Monthly Archives: April 2018

Parsis were pioneers of cricket in India

A minority community in India – only about 60,000 live there now – Parsis are the pioneers of cricket in India. Being anglophile in the 19th century, they were the first to learn the game of cricket from the Englishmen. When the Hindus and Muslims had little idea of what cricket was all about, the Parsis took a cricket team to England in 1886.

Kersi Meher-Homji

That was much before the legendary Ranji and Duleep mesmerised Englishmen with their elegant run-making.

Originally from Iran, the Parsis (also called Zoroastrians) – followers of prophet Zoroaster – settled in India about 1200 years ago because of religious persecution in Iran.

In all, 11 Parsis have played Test matches for India from 1932 (the first ever Test India played) to 1975. In alphabetical order they are: Soli Colah (2 Tests), Nari Contractor (31), Farokh Engineer (46), Jehangir Irani (2), Rustomji Jamshedji (1), Kharshed Meherhomji (1), Rusi Modi (10), Piloo Palia (2), Rusi Surti (26), Keki Tarapore (1) and Polly Umrigar (59).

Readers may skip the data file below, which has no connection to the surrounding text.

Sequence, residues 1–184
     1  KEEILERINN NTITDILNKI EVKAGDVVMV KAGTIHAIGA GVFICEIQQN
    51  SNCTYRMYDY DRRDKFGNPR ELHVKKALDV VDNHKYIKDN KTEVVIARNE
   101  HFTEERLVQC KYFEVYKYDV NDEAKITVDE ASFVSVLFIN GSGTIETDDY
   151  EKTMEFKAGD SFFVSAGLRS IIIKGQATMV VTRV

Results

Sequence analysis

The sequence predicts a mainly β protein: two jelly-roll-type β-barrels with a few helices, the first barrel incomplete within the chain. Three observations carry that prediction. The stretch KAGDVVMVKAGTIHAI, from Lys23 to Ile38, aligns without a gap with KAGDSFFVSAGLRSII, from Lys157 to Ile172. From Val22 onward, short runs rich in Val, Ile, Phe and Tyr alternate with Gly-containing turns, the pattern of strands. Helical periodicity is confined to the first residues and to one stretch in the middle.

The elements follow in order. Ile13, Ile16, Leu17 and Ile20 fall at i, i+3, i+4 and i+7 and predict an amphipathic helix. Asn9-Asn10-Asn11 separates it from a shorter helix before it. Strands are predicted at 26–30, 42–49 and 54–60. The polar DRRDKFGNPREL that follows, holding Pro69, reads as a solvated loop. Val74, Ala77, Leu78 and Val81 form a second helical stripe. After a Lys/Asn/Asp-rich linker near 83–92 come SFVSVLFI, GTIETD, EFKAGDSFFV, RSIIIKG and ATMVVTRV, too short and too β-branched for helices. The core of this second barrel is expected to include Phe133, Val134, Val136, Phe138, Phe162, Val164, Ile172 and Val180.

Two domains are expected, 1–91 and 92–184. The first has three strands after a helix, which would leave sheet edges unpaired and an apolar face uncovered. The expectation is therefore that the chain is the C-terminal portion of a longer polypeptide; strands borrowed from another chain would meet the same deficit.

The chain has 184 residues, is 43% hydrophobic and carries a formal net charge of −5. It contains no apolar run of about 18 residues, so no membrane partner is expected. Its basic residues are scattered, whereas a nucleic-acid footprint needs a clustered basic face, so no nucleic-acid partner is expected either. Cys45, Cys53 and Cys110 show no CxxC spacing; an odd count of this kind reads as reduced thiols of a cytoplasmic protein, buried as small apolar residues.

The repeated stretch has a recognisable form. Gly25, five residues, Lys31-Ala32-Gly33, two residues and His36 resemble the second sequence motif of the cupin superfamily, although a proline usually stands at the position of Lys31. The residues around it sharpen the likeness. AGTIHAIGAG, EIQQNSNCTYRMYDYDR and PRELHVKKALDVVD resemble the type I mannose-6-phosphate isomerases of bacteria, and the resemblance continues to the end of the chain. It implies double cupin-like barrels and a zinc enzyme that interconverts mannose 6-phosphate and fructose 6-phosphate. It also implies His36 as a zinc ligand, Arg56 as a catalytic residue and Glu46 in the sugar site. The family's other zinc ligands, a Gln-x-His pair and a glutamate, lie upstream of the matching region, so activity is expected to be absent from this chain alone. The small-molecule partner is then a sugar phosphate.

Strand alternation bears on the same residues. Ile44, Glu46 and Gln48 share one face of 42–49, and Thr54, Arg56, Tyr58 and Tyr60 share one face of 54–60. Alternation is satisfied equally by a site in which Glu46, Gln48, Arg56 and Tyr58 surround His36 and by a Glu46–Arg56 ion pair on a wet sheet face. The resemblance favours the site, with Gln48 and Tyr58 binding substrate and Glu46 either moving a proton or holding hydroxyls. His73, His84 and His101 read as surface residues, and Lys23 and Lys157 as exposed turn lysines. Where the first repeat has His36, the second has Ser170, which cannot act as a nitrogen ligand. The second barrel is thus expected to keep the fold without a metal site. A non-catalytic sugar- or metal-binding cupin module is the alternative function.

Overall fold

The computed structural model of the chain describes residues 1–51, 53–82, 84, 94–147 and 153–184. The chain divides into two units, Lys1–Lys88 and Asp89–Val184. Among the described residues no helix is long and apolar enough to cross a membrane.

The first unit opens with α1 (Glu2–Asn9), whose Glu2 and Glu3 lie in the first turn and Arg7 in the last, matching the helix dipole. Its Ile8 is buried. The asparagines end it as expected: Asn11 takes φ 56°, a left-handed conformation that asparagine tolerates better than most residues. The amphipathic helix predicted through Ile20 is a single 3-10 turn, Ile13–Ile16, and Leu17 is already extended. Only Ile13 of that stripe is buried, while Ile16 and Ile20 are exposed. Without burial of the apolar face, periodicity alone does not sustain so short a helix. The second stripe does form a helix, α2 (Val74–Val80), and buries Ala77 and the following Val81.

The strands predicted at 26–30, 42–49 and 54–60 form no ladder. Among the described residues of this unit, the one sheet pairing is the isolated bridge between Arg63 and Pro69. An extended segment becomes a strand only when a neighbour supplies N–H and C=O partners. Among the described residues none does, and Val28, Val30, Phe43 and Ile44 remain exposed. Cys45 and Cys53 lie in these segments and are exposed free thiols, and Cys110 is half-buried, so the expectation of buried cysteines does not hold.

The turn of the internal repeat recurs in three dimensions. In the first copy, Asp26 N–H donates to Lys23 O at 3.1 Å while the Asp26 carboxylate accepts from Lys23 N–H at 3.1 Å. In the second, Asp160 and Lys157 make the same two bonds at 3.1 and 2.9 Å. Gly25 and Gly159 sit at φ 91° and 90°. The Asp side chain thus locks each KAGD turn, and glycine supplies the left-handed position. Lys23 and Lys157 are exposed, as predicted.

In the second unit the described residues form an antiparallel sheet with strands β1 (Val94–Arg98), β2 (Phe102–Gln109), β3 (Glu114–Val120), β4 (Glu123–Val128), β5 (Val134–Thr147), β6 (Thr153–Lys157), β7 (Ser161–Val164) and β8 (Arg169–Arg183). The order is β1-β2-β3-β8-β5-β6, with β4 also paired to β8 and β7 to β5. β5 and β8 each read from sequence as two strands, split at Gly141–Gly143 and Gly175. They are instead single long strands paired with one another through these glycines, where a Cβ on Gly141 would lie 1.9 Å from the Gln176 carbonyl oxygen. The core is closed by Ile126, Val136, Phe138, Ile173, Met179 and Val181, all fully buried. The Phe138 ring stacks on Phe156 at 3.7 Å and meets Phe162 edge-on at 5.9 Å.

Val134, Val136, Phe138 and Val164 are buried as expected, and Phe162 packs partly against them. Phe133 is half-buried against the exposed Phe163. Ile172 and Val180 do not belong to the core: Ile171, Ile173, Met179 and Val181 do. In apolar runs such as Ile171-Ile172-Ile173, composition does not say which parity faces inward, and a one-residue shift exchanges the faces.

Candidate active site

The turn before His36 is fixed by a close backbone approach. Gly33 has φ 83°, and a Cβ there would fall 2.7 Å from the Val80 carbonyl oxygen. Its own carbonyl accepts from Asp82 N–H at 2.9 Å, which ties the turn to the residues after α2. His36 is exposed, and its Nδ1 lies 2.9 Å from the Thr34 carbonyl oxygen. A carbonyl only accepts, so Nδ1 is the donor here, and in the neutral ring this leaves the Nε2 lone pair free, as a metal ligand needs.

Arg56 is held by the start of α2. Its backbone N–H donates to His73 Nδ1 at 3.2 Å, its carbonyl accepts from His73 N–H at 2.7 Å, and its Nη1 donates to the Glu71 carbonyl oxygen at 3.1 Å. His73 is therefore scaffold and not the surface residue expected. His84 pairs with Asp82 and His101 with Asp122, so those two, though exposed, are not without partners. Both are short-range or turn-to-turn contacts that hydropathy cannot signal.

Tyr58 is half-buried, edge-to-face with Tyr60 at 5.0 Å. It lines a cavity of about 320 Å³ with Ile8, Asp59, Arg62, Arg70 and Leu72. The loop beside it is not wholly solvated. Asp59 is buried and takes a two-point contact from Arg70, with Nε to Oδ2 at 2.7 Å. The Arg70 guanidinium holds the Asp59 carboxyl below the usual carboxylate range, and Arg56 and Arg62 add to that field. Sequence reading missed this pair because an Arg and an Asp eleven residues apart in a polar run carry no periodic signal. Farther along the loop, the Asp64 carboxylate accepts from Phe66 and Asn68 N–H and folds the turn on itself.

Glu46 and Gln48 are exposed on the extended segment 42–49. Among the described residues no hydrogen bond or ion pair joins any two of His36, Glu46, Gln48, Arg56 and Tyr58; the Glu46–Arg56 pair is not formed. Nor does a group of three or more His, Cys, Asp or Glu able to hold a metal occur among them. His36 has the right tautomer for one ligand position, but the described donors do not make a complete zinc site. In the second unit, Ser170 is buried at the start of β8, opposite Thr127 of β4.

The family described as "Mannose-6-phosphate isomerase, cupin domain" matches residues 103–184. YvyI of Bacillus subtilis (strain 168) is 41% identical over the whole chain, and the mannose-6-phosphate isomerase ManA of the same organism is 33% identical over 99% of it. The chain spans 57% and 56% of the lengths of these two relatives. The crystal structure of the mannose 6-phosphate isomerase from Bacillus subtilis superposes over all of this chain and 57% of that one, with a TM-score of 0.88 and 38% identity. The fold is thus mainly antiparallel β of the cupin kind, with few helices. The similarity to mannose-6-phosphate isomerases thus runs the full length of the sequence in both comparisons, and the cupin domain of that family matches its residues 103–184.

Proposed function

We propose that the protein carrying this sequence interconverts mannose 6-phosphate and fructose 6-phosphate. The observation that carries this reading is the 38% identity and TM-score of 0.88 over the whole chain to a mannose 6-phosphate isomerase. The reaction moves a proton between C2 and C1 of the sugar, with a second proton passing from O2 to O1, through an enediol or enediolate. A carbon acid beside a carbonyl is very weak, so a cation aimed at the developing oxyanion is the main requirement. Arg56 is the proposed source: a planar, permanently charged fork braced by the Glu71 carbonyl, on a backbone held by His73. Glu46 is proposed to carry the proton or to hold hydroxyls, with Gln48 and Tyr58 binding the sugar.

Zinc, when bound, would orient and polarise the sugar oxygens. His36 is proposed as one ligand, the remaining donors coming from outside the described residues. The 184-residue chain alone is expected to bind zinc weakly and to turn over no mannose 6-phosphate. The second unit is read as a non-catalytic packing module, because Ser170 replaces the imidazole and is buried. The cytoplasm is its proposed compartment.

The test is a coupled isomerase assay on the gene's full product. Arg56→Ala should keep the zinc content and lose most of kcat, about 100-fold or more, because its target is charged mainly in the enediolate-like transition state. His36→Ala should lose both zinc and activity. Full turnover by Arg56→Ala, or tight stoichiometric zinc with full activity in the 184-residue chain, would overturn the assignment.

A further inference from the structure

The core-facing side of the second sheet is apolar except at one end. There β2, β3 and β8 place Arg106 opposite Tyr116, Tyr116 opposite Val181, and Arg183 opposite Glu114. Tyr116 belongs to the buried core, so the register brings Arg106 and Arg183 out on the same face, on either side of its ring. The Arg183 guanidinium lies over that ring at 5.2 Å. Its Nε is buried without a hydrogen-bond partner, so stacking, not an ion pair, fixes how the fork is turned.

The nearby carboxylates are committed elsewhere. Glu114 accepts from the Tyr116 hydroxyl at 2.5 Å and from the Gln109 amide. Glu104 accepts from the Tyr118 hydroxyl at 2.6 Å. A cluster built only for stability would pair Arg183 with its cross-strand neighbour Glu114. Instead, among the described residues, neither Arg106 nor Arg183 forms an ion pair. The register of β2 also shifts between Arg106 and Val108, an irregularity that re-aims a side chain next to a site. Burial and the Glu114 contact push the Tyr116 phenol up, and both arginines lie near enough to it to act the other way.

Three of them; Engineer, Meherhomji and Irani were wicket-keepers.

Only Contractor (aged 84 years) and Engineer (80 years) are now alive. Umrigar and Contractor captained India with distinction. Handsome Farokh Engineer was a flamboyant personality, scoring runs aggressively and keeping wickets like an acrobat.

Enough is written on a majority of these Parsi Test cricketers. This article features two less known Parsi cricketers who played only one Test each and while batting, remained unbeaten.

As I reported in Parsiana magazine (India) earlier this month, two “ji”s of Indian cricket were unique characters. Both were good-looking Parsis, one was a slow left arm spinner, the other a wicket-keeper and a dare devil batsman – an earlier day Farokh Engineer.

They were Rustomji Jamshedji Dorabli Jamshedji (1892-1976) and my uncle the dashing debonair Kharshed Rustomji Meherhomji (1911-1982).

Jamshedji the first Parsi left-arm spinner


Jamshedji was the third Parsi to play Test cricket. The first two were Sorabji (Soli) HM Colah and Phiroz (Piloo) E Palia who were selected in the first ever Test match for India; against England at Lord’s in London in June 1932.

Jamshedji played only one Test, on Bombay Gymkhana in December 1933, the first Test on Indian soil.